At 9:30, I nursed Eliana. She ate a little, eyes barely open. Quietly, I whispered to her, “It’s going to really suck tonight, but trust me, you’ll thank me later. This is called ‘tough love’. So even though you’re gonna feel like I hate you, I’m doing this because I love you. And because when we’re all well-rested, we’re all actually going to be able to love you even more.” I placed her gingerly in the crib and walked away. So far, so good.
At 10:30, as we watched TV, I reminded Husband casually, “So. No going in tonight, remember. No matter what. Okay?”
For safety’s sake, I verified once more before I shoved neon orange earplugs into my ears as I pulled the covers up in bed at 11:00, “So you know we’re not going in, right?”
“YES. I get it! I’m not going in!”
Fine, he was annoyed by my patronizing repetition. I admit I was even a little annoyed by myself. But in my fantasy plan, there was no room for mistakes. A sleepy pop-in to Eliana’s room was not an option; it would compromise the entire operation. I admit that a part of me wanted to set up a mini-obstacle course in the hallway with plastic storage bins, stacking blocks, and small Toy Story figurines between our bedroom and Eliana’s room so that on the off chance that Husband decided he would go to her, he would be slightly maimed as he tripped over toys, thus jolting him awake and snapping him back on plan.
Such are the deranged musings of a sleep-deprived mother.
With earplugs in my ears, Lila “on leave,” and Husband already asleep next to me, I closed my eyes and gave myself a little pep talk. Ariel, you can do this. This will be a hard night, but in a week when we’re all sleeping through the night, we will all be grateful, and you shall feted like a general returning from war, if only by yourself for yourself. You can do it. You can do it. You can do this. DO NOT GIVE IN.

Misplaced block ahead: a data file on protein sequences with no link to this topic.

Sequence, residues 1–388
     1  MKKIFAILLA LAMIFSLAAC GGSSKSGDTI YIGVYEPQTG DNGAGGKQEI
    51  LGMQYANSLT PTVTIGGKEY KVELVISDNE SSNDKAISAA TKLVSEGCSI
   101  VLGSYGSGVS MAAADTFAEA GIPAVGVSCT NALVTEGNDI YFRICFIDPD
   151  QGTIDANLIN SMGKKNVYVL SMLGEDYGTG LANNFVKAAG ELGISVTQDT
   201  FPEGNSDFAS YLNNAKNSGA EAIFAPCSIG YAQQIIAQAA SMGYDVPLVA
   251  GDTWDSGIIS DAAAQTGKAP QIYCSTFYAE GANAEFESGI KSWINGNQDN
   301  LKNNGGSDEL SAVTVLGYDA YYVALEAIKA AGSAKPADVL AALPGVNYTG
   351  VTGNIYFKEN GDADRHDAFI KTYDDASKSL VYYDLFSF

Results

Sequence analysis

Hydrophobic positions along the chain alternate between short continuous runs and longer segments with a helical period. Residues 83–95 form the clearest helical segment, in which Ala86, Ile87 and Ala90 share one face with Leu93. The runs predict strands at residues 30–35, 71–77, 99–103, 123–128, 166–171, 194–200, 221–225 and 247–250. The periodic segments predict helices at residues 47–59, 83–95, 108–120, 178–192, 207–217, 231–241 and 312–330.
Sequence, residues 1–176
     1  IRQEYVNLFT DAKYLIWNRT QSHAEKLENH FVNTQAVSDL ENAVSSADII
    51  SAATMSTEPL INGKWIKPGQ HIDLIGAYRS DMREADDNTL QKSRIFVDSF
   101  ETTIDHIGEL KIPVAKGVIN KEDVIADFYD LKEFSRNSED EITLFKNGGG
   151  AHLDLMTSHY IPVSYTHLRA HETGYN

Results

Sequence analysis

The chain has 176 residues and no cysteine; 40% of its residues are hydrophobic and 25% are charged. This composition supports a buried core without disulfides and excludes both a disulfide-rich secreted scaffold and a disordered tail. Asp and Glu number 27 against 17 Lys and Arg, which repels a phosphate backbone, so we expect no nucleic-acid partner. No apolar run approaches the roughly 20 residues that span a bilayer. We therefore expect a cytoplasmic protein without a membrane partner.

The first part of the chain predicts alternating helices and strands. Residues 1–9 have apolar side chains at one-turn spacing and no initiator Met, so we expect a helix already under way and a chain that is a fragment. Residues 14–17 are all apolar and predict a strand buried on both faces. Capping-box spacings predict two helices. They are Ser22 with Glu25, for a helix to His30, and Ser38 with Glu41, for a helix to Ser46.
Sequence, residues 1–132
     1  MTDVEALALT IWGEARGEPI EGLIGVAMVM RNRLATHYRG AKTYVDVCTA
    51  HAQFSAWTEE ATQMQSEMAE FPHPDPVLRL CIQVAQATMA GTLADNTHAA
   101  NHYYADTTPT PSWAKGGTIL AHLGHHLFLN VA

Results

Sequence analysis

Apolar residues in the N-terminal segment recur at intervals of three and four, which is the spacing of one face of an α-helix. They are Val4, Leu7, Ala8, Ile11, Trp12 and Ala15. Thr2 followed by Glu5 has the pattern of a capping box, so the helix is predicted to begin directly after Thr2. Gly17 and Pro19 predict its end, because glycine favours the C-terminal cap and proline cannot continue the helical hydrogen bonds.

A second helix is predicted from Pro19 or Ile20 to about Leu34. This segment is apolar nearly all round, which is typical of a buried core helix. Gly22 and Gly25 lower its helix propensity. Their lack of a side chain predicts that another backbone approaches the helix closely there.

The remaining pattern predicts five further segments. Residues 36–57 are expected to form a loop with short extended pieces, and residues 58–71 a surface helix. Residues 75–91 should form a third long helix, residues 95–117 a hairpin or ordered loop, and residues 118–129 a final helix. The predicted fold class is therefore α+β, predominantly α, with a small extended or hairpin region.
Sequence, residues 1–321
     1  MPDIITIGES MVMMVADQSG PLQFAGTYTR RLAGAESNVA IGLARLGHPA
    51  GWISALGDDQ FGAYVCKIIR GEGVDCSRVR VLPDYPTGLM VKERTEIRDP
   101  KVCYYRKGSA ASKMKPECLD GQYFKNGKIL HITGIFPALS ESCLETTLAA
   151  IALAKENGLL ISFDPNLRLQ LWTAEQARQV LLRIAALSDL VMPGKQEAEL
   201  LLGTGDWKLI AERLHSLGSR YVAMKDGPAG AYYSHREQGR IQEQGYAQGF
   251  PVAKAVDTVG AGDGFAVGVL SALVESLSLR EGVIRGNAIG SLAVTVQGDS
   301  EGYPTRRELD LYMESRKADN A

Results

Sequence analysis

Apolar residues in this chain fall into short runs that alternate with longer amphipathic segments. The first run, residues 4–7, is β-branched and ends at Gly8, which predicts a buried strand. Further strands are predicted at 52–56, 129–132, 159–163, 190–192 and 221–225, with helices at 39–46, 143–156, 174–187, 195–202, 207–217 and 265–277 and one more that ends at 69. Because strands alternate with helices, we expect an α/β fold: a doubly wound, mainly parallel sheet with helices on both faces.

Poor Eliana. Poor, poor Eliana. She had no idea what was going to hit her. But this was no time for sympathy. Sun Tzu says in The Art of War, “Take advantage of the enemy’s unpreparedness; travel by unexpected routes and strike him where he has taken no precautions.”
So stealthily, without preparation on Ellie’s part, this game would have to be won.
If I was to come out of this victorious, I had to out-game this baby, crying or not.
I closed my eyes, hoped for the best, and fell asleep quickly.
12:16. Eliana cries. Earplugs or not, I hear her. Husband sits up in bed, already visibly upset by her distress and the fact that if he does anything to help/calm/approach/soothe/look at her, there may be Mommy-led domestic violence in our home. Getting out of bed he says, “Forget it. I’m going downstairs. I can’t take this. I’ll see you in the morning.”
The man wonderful, warm, loving and concerned. He is all heart; he would be totally useless in this war. But Sun Tzu reminds us, “He who knows when he can fight and when he cannot will be victorious.” So Husband’s bowing out was actually an asset to me; victory was on its way, as I was still ready to fight.
With his towel already thrown in, I know I’m going to have to endure this brutal night alone, but I’m ready for it. I stare at the ceiling as Eliana cries. A part of me is sickly curious how long it will last, not because I’m worried about her, but because I want to see what kind of moxie the kid’s got. Girl can’t roll, but how long can she cry for without giving up? At 12:32, the cries die down. She is done.
I let a complacent smile wash across my face. Thinking of Eliana’s sweet resting face, a mean, smarmy thought takes me: Is that the best you can do? Before I can consider what kind of terrible mother I am to think that, I fall back asleep again.